An Irish woman has given evidence at a hearing in London about the harmful effects of an epilepsy drug on her children.
Karen Keely, from the Foetal Anti-Convulsant Syndrome Forum, addressed the European Medicines Agency hearing on the drug sodium valproate on Tuesday.
The agency is reviewing what measures are needed to warn women of the risks of the drug, which is known to cause physical deformities in children whose mothers take it during pregnancy, as well brain damage and problems such as autism.
Ms Keely told the hearing that the risks of the drug “have been known for many years”.
Ms Keely said her three sons, Lee, Lorcan and Harry, all had birth defects after she took Epilim, a trade name for sodium valproate, while pregnant.
She said: “Two of my three boys require life-long care and will never live a normal life, will never be able to have children or get married.
“The effects of sodium valproate have been unbearable.
“I have been mourning my children since the day they came into my life and I’m determined to not let this injustice happen to other families in the same way that it has happened to mine.”
Experts also told the hearing that warnings over the drug, which has harmed thousands of children worldwide, should have been made in the 1970s.
Sanofi, which manufactures the drug, has said it has always been transparent with regulators about the risks of the medicine.
Catherine Cox, from the UK's Foetal Anti-Convulsant Support Association, said warnings on valproate should have been issued to women more than 40 years ago.
“A decision was taken not to publish them despite warnings by the manufacturer.”
She said information given to women on the issue over the years had been “sparse and inconsistent” and most doctors and specialists “were unaware or chose not to give out the information”.
She said official figures on the number of children in the UK harmed by the drug — which some put at 20,000 — may never be known.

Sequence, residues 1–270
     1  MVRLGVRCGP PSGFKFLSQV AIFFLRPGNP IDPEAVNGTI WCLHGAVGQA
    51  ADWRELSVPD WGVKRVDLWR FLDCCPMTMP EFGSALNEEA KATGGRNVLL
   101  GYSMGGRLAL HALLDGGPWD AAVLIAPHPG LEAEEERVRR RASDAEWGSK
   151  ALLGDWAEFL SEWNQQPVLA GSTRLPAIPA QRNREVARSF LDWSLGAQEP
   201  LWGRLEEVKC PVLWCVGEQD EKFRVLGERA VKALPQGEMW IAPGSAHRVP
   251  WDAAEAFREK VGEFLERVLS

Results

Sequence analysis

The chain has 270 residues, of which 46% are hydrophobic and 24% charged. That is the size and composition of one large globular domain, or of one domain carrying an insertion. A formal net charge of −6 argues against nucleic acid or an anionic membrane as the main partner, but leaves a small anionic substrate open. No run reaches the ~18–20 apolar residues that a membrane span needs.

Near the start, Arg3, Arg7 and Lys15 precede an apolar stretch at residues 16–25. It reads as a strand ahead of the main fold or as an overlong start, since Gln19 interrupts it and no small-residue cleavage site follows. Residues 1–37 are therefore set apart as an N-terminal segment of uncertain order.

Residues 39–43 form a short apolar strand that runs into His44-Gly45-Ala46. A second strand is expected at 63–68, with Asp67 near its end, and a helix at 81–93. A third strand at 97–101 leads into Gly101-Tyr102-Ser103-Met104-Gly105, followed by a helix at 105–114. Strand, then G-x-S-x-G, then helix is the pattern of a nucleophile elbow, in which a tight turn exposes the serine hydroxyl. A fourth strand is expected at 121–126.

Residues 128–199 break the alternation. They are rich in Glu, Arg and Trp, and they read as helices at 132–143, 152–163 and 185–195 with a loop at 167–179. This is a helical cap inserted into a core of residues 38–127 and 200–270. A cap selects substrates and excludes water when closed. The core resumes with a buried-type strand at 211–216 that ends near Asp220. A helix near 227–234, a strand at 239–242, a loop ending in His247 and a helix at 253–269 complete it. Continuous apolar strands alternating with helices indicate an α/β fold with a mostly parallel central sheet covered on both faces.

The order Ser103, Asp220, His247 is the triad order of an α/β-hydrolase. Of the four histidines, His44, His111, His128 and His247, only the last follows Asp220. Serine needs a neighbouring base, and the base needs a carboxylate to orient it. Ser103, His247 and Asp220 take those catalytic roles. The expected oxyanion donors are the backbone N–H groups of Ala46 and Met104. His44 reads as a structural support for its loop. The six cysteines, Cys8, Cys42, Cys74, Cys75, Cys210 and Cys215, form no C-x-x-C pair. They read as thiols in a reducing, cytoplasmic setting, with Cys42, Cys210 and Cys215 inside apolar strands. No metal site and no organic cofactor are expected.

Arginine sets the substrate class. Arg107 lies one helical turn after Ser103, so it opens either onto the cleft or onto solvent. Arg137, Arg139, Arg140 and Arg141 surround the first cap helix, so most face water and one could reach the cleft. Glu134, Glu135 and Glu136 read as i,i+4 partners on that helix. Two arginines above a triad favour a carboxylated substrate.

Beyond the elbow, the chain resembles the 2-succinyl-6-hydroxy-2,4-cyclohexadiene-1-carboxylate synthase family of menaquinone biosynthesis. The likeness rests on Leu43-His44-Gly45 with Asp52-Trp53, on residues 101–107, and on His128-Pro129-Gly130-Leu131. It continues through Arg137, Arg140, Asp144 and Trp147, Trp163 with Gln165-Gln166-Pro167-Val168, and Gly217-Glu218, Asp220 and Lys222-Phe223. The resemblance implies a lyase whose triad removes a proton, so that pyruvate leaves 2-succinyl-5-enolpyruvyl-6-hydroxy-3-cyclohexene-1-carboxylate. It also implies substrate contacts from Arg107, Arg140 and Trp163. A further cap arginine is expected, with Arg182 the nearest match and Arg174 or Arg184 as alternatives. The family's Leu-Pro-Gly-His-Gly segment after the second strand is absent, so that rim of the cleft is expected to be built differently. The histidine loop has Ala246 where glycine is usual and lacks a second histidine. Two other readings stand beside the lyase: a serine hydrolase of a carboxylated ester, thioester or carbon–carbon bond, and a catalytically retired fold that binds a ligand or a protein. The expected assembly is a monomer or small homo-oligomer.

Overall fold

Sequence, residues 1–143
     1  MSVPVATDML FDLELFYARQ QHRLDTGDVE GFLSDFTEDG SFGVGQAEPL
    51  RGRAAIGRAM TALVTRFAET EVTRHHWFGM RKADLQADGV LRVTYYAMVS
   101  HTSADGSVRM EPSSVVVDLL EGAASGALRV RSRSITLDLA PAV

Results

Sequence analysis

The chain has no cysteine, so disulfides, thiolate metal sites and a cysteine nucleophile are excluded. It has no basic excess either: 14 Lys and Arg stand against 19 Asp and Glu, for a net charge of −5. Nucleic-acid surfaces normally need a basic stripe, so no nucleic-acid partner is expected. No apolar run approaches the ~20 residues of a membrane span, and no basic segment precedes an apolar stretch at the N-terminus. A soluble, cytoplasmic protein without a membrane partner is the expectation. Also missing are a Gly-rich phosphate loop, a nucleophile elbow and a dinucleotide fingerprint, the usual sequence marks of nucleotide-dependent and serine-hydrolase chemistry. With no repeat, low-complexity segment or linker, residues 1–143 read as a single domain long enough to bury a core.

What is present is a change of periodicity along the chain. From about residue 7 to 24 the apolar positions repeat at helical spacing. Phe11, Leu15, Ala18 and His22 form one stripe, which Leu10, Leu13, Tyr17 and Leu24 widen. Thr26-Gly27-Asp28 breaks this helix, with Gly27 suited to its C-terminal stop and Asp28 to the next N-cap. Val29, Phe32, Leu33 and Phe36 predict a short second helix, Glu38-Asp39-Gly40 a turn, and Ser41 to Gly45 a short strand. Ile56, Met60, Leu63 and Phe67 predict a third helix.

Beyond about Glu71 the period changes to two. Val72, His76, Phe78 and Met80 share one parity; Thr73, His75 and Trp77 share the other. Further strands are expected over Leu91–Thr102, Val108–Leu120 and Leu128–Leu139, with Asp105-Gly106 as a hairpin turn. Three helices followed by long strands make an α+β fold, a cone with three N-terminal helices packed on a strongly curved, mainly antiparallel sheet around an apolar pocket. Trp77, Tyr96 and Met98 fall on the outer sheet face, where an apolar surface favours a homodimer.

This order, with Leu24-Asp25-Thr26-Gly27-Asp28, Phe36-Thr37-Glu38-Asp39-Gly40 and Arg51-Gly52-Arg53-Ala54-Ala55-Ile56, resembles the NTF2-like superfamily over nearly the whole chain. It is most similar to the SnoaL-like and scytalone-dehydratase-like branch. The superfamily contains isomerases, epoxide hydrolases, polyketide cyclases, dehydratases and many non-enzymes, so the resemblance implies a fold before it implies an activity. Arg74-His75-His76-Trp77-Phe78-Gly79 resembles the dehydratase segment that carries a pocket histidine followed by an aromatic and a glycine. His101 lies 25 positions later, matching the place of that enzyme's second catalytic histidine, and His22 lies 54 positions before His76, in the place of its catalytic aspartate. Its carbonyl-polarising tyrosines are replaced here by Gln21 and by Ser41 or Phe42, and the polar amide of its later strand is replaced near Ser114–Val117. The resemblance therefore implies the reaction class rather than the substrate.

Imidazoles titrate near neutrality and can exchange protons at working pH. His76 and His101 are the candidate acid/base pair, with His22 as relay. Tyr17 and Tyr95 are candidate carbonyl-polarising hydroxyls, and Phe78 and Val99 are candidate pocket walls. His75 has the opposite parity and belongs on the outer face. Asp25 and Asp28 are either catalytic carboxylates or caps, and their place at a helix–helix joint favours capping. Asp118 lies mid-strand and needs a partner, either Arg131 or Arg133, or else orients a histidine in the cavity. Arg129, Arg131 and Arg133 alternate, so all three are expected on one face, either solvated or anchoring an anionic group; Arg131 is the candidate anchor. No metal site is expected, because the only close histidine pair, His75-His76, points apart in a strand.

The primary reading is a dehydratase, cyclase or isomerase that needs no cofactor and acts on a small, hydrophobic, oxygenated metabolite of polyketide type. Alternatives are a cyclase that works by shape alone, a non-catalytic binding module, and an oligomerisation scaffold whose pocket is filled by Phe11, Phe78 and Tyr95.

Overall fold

Sodium valproate, which is marketed under several names, is prescribed for epilepsy, migraine and bipolar disorder.
Babies exposed to the drug in pregnancy have a 30 per cent to 40 per cent risk of serious developmental disorders and an 11 per cent risk of congenital malformations.
The most up-to-date advice from the UK’s Medicines and Healthcare products Regulatory Agency (MHRA) says the drug should not be given to women of childbearing age or during pregnancy unless alternative treatments are ineffective or not tolerated.
Documents from July 1973 show that British regulators decided not to warn patients directly of the risks, for fear it “could give rise to fruitless anxiety”.
Health professionals were told at the time: “This compound has been shown to be teratogenic in animals, meaning it could harm the human foetus.”
But the UK’s Committee on Safety of Medicines, which existed before the MHRA, said the warning should “not [go] on the package inserts, so that there would be no danger of patients themselves seeing it”.
The licence issued in 1974 for Epilim said doctors and pharmacists should prescribe it only in severe cases of epilepsy or where there was no alternative.
Clare Pelham, from the UK's Epilepsy Society, said women needed to be given the right information to make an informed choice.
She said the charity wanted to see a national register created of women taking the drug.